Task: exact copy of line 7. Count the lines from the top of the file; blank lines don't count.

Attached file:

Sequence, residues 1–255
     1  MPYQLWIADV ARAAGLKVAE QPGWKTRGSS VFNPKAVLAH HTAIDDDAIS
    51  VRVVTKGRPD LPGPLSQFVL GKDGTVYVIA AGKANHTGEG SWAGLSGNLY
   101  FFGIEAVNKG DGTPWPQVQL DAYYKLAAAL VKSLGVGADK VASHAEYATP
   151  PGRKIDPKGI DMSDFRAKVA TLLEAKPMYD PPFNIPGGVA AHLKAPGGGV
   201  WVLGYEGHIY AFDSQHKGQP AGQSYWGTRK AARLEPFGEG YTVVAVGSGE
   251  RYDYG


   251  RYDYG